CAREERS: Pandora's Problem Page

Q: I joined an agency six months ago as an account manager, after I

was promised that I would be running accounts and be given significant

responsibility. However, one month after I joined, the MD brought in a

friend's son to be an account director, and he has been given the

seniority I was led to believe I would get. I feel misled and wonder if

I should start looking for another job?



Ms. B, Denver



A: Wait until you've got the responsibility for hiring people, then

you'll understand the temptation to bring in people you know. Yes, it

may be unfair to all those highly qualified people who aren't known to

you, but it's a handy way to at least know that you'll get along with

someone.



But onto your situation. Does the 'friend's son' have comparable or

greater experience than you? Does he provide value above and beyond what

you provide?



Look objectively at the work he's doing. Maybe he was a good hire for

the agency; just not a very diplomatic or decent way to treat you.



It doesn't matter where 'he' came from, the point is you've been

displaced.



If there is no acceptable alternative for you, I'd say you have grounds

to let management know that you believe you are under-utilized and

therefore feel the need to move on if they can't support you at the

level you were hired at.



Q: I've just been laid off from my agency job. What should I do now?

I've heard a lot of talk that agencies are using the recession to get

rid of people that were under-performing. Isn't this what potential

future employers will think when I apply for a job?



Ms. T, Los Angeles



A: Yes, many organizations are using the impending recession to cut

employees who aren't delivering. But they are also laying off workers

who are too expensive. Many companies are cutting perfectly good workers

on fairly modest salaries because revenues will not sustain the payroll.

How is a future employer supposed to know which category you're in? They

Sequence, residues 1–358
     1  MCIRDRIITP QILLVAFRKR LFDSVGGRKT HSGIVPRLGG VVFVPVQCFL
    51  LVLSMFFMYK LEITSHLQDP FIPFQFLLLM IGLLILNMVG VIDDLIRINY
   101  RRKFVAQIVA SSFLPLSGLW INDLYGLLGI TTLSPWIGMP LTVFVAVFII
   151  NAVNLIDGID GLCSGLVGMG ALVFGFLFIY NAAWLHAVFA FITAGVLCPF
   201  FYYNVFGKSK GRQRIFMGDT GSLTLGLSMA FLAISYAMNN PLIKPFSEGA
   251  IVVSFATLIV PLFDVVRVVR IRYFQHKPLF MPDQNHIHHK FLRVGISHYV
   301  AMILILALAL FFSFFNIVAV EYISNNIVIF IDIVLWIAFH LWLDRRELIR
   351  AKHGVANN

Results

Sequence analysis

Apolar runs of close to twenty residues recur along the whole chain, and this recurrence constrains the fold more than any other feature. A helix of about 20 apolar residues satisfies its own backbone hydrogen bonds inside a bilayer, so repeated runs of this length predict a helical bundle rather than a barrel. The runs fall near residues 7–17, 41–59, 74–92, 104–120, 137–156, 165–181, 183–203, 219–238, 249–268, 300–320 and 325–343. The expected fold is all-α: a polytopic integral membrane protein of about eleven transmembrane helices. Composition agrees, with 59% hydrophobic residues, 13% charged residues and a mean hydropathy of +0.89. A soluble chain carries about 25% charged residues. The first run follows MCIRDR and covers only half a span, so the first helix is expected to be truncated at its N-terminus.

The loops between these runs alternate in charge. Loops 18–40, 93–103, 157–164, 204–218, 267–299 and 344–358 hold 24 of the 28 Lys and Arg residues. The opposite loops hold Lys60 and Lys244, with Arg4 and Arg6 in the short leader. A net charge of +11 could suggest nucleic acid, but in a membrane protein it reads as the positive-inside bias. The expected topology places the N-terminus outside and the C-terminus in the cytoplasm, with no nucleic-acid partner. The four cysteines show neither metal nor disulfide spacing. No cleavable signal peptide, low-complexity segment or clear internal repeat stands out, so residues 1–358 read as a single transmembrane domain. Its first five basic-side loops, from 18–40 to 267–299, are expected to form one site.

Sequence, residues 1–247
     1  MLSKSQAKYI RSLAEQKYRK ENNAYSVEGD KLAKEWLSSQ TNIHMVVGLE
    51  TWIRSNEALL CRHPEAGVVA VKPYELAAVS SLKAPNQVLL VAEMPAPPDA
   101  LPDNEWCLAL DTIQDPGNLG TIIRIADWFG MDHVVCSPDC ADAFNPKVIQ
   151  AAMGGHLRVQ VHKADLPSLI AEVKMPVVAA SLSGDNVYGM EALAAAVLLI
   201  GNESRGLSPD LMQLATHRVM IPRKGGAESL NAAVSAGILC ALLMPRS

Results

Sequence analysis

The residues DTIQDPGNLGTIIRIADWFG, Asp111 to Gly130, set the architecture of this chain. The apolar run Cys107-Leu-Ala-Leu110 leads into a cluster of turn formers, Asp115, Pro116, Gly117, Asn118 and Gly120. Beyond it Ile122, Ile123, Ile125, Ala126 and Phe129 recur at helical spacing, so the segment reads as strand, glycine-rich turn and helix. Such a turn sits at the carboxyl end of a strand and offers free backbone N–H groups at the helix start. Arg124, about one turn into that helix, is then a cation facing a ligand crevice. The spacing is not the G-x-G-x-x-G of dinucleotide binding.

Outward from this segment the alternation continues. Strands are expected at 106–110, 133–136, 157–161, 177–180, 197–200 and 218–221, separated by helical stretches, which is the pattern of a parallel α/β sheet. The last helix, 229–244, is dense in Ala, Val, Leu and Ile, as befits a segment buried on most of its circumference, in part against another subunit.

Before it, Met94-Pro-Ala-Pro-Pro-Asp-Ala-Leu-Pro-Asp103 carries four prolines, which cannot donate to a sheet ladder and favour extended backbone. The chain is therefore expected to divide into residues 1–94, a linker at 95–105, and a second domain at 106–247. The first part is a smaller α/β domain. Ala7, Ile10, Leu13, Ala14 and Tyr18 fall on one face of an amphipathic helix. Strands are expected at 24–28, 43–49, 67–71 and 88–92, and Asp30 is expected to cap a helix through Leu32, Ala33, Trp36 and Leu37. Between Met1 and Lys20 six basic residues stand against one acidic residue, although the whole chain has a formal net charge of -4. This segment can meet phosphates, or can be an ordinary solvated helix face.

can't.



Most employers will give anyone with a 2001 redundancy on their resume

the benefit of the doubt, given the widespread nature of layoffs.



On a more practical front, you need to move fast to get yourself another

job. One of the more ironic aspects of the current recruitment climate

is that there are still plenty of vacancies out there, so there are

reasons to be optimistic. But with rush of PR casualties over the past

two months you need to get ahead. Those nice people at PRWeek have

reminded me to tell people like you to check out their jobsite,

www.prweekjobs.com, where you can fill in details of the type of PR job

you're looking for. You will then be e-mailed every time a job ad

appears on the site that meets your requirements. Clever, huh? Employing

me isn't the only good idea they've had.



Obviously, you need to polish up your resume, and call the

headhunters.



Here's a few to start you off: in LA, boutique firms include Repovich

Reynolds (626-585-9455), Berkhemer Clayton (213-621-2300), Search West

(805-496-6811). National firms include: Korn Ferry (310-552-1834),

Heidrick & Struggles (212-551-1624), Heyman Associates (212-784-2717),

and Judith Cushman & Associates (425-392-8660).



But also try some cannier ways of sniffing out a job. Read PRWeek and

the papers religiously (let's face it - you've got the time) and try to

discern the companies that are doing well and who might need staff.

Apply directly to them. As well as getting in ahead of the crowd, you'll

also be demonstrating initiative.



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